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Posted by Kate Doyle

Using technology, smart motorways manage traffic. This is done from a regional control centre, from which each team tracks the conditions on the road and alters signs and speed limits depending on the congestion.

By reacting to traffic, the control centre can theoretically improve the flow of traffic.

They do this by temporarily or permanently opening the hard shoulder to drivers during busy periods.

This allows for a higher capacity of vehicles to be on the road, without the need to build new lanes.

Ultimately, there are three types of smart motorway:

  1. Dynamic hard shoulder running schemes. This is where the hard shoulder is opened during busy periods and closed when it isn’t needed.
  2. All lane running schemes, which means the hard shoulder is always open, except in the event of an emergency.
  3. Controlled motorways, on which the hard shoulder is always closed to traffic unless there’s an incident. The lanes that are open may have different speed limits.

What’s happening?

Across the UK, Highways England are implementing the technology on the roads to create these smart motorways.

It’s a process that is costing millions of pounds. Unfortunately, it’s also creating delays for drivers, as the teams involved in updating the motorways need to close lanes and reduce speeds while they’re roadside, at work.

What’s more, Highways England bosses have admitted that the smart motorways currently being created are running behind schedule, so even more delays are to be expected.

For the areas in the country where smart motorways have been completed, the response from drivers hasn’t been wholly positive.

A Campaign for Better Transport study has revealed that some drivers are even experiencing more delays on roads that have been converted into smart motorways than they were before.

What does this mean for fleet management?

Ultimately, it’s difficult to know whether smart motorways will make a difference to fleet management companies until they are completed. If they do work as expected, then the reduction in congestion will provide better routes for drivers, improving delivery times. The successful implementation of smart motorways could also lead to company expansion for fleet management. This is because smart motorways shouldn’t just improve the flow of traffic, they should also allow for a higher capacity of drivers to be on the roads. For fleet management companies, this means that there is the potential to increase the number of vehicles they have on the road, without worrying about them just being sat in traffic.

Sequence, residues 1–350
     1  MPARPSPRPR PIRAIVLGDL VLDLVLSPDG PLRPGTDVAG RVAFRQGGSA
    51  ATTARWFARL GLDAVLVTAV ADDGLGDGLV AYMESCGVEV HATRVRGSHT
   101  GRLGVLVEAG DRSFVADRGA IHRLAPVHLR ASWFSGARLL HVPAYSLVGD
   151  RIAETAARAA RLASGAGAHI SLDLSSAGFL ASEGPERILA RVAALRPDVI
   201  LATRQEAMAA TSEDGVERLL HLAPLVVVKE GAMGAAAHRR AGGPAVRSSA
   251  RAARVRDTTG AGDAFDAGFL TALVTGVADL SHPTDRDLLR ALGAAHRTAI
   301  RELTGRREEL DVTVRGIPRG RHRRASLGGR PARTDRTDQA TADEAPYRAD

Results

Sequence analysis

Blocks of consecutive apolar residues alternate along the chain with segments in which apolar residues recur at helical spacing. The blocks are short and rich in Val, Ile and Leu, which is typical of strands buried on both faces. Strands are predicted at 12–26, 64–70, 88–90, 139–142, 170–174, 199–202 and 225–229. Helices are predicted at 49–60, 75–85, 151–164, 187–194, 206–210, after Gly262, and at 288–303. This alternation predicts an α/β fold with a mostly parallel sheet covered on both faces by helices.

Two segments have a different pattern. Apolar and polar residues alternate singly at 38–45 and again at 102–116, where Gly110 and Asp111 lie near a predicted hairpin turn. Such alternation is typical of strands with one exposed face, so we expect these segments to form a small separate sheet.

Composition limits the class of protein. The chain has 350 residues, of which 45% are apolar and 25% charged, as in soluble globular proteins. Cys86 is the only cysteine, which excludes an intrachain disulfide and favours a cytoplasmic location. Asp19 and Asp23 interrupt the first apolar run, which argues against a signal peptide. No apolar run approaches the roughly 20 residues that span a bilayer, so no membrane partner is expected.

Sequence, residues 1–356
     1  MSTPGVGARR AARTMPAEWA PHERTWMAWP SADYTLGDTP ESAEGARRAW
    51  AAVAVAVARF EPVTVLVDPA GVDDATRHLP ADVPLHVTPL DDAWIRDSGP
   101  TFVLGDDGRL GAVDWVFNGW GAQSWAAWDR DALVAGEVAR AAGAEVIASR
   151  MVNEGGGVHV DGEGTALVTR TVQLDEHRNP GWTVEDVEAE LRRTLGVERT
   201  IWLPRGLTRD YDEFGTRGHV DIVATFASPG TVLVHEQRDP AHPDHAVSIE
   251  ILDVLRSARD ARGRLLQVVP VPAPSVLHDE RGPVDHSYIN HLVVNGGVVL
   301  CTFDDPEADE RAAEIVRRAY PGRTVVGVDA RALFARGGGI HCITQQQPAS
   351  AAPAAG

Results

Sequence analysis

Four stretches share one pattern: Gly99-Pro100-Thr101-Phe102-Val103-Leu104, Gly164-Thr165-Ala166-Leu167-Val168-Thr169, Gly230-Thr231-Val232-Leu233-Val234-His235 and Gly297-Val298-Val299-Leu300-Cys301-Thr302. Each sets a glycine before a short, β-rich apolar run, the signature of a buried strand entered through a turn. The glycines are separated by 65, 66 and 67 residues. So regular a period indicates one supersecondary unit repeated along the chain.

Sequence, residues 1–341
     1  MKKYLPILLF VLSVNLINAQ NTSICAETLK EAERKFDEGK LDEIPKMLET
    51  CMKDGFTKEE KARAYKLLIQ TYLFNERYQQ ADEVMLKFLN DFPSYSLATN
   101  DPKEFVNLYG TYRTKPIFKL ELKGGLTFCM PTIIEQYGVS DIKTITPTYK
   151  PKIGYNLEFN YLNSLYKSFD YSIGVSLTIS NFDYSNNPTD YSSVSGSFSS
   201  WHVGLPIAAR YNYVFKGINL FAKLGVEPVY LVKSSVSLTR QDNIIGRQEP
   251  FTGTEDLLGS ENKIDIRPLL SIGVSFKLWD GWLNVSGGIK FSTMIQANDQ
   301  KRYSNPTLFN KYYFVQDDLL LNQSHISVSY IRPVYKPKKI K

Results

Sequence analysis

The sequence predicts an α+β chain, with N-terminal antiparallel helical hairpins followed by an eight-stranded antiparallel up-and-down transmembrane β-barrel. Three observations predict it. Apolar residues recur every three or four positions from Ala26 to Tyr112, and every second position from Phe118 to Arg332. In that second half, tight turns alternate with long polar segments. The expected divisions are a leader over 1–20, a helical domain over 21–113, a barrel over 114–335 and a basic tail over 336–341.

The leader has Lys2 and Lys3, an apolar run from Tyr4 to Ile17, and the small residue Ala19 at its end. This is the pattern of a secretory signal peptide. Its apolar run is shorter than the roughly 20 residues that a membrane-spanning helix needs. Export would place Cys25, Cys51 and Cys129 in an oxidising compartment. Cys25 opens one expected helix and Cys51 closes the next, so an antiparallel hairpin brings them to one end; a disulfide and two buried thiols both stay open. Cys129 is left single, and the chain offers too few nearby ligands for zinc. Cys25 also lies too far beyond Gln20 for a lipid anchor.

However, it is possible that it will take some time for the technology behind smart motorways to be running perfectly. Malfunctions with the technology could even have an adverse effect, causing unnecessary congestion. And with the smart motorways scheme only in its infancy, it’s rather likely that there will be teething problems. Despite this, technology has proved to be a successful aid to drivers, with the likes of telematics aiding in fleet management. Perhaps smart motorways will follow in the footsteps of current vehicle tracking software. Only time will tell.

The image included in this article was published under Creative Commons license 2.0

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Kate Doyle

My job is to be the customer champion. When I am not working on projects that are meaningful for our customers and our brand, I’m probably online shopping, doing yoga or nattering on the phone.